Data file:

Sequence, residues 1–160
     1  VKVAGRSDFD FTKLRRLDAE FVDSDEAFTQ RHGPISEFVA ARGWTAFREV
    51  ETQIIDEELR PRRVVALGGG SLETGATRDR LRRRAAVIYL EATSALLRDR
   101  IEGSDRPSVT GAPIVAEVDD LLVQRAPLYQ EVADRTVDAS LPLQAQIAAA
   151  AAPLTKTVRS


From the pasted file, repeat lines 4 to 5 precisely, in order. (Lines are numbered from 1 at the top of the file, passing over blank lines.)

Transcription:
   101  IEGSDRPSVT GAPIVAEVDD LLVQRAPLYQ EVADRTVDAS LPLQAQIAAA
   151  AAPLTKTVRS